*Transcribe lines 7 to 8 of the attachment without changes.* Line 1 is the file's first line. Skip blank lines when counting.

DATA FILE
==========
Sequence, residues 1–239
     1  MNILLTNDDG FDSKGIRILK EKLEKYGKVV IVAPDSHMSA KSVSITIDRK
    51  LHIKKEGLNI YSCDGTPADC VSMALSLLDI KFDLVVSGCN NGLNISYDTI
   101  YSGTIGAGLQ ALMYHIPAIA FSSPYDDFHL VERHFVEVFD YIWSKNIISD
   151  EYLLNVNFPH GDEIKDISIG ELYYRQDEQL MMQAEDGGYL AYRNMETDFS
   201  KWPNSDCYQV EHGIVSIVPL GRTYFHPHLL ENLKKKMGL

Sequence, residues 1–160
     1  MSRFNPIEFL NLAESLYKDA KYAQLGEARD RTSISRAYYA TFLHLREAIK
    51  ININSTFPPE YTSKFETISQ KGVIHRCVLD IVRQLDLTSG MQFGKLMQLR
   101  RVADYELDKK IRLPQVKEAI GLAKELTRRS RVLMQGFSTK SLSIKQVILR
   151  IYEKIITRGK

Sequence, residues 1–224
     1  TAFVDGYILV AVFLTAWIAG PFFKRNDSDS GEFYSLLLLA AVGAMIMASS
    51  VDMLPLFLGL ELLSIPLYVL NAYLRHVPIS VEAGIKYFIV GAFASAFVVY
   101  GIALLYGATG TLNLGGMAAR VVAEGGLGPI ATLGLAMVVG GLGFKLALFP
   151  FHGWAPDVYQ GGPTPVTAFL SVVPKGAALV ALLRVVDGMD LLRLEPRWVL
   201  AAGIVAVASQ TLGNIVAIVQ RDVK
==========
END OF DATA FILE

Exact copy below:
Sequence, residues 1–160
     1  MSRFNPIEFL NLAESLYKDA KYAQLGEARD RTSISRAYYA TFLHLREAIK